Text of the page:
In any case, Porter said he doubts any injustices were committed against the Miami tribe. He said that while the United States may have given the Miamis the disputed land in the 1805 Treaty of Grouseland, the tribe abandoned the land and it was subsequently ceded to the government by the Potawatomi.
He was referring to the settlement of the Miami tribe at the southern end of Lake Michigan until Potawatomi and Kickapoo tribal encroachment drove them southeast to the Miami River in Ohio.
"Why settle a case with someone you don't owe a dime to?" asked Porter. "The question isn't whether harm was done to the Indians. The question is, how far does political correctness go?"
The Miami contend that for centuries the tribe hunted, fished, foraged and farmed on land that now comprises Wisconsin, Illinois, Michigan, Indiana and Ohio. Porter said the real issue in the dispute is the constitutionally protected tribal sovereignty that he said will give the Miami tribe's casino immunity from state laws and taxes.
"We're not racists. We're looking for equal rights for all, and creating new separate little Indian nations with their own rights and own sovereignty isn't the equal rights that Lincoln fought for," said Porter's wife, Donae.
The question of sovereign immunity has been raised by Sen. Peter Fitzgerald (R-Ill.), who has introduced legislation that would subject tribes to certain state laws, such as the statute of limitations, in bringing land claims and therefore restrict the Indians' sovereignty.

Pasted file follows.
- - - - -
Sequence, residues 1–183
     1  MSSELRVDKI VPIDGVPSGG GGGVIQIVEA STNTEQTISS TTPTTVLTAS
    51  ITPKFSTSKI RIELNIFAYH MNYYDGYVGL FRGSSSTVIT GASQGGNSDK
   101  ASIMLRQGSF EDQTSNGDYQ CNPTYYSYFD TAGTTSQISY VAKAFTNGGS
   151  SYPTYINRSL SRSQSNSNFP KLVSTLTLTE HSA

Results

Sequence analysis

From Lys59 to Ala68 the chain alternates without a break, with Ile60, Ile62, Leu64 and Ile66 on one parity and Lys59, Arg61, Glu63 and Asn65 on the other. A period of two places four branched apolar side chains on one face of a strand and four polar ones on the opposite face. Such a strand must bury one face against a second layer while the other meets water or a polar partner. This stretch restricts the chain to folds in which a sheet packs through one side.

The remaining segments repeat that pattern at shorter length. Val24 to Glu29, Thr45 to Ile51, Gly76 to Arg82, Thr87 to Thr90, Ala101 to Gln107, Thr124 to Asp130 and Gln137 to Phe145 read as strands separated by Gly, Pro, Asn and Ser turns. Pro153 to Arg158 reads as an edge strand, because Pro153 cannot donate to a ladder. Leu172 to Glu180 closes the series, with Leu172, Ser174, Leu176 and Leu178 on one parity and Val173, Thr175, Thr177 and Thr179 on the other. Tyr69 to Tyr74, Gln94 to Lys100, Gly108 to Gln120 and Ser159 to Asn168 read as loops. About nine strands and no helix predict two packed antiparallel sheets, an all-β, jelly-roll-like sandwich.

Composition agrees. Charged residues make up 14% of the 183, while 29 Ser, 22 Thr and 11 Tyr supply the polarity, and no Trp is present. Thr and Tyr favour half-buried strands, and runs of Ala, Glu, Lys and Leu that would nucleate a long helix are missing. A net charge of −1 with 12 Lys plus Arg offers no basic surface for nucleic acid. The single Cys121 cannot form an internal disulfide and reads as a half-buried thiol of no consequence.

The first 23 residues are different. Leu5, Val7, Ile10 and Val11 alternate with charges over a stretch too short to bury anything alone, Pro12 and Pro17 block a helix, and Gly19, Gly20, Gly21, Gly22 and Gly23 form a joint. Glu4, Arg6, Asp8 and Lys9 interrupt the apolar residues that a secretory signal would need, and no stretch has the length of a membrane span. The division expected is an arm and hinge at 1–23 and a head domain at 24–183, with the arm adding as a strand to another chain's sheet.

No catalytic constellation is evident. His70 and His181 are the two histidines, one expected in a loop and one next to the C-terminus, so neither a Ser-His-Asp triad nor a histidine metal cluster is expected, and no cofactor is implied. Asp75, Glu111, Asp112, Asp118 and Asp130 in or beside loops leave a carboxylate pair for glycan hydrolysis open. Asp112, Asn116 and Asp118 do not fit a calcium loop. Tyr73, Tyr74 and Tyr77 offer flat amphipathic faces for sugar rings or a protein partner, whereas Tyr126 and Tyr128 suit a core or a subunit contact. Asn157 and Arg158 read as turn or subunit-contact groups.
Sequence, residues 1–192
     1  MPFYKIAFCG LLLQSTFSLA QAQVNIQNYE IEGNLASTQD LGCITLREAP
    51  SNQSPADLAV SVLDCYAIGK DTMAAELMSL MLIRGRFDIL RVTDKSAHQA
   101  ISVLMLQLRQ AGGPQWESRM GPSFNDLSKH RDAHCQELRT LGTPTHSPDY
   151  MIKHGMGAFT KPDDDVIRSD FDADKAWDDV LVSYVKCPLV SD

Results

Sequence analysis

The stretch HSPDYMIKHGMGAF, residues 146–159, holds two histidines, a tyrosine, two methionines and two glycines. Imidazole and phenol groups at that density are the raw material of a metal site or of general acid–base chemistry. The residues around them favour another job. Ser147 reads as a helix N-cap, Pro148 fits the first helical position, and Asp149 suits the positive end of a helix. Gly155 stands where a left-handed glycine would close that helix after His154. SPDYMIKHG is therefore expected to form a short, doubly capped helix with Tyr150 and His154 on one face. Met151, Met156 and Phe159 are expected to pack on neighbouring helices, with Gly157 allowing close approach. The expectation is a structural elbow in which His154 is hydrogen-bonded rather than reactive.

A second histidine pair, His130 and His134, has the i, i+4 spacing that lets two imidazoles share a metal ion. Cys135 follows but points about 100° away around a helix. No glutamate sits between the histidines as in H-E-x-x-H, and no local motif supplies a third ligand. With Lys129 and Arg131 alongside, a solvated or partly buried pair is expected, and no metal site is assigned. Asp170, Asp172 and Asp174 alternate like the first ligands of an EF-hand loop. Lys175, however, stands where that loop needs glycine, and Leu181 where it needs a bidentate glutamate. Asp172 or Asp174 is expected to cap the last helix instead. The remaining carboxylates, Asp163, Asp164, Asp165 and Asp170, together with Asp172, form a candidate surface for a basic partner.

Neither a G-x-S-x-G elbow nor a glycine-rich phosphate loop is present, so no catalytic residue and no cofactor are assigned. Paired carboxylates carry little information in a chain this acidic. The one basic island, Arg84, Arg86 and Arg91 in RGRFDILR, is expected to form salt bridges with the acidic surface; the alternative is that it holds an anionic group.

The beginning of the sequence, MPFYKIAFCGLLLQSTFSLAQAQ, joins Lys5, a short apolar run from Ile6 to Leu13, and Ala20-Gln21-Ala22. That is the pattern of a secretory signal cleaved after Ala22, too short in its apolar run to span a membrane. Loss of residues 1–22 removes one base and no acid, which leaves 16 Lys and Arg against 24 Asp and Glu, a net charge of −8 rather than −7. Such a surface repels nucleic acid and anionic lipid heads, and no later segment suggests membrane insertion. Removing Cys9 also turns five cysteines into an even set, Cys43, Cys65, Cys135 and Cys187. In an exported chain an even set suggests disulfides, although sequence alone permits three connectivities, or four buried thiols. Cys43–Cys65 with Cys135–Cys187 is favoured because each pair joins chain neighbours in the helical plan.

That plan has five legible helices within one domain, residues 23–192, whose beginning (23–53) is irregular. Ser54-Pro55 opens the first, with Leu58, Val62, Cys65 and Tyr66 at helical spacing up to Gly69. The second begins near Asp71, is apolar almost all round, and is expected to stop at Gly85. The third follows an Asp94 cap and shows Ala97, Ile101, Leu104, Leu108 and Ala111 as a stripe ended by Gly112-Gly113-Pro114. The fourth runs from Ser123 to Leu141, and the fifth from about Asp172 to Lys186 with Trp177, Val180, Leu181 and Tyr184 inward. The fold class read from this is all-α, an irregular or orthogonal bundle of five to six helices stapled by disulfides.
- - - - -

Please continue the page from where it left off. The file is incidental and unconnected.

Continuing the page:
Rep. Tim Johnson (R-Ill.) has drafted a similar bill that would curtail the power of the Bureau of Indian Affairs to grant tribes land and approve casinos.
However, tribal leaders say any efforts to weaken tribal sovereignty are doomed because of constitutional protections of Native American tribes' special status as separate nations within the United States that deal with the federal government and not the states.
Tim Yow, one of 15 property owners who were symbolically named in the lawsuit - one for each county in dispute - said the sovereignty issue inherent in the land claim already has clouded the title to his house in the event he tries to sell it. But Yow said he doesn't want the state to settle with the Indians "just to get my neck out of the noose."
"As soon as you concede on this, then they have their reservation and they're not under any of our laws. Then they can do anything they want," Yaw said. "I do feel sorry for everything that happened to the Indians, but to the victor goes the spoils. What do we do, give Texas back to the Mexicans?"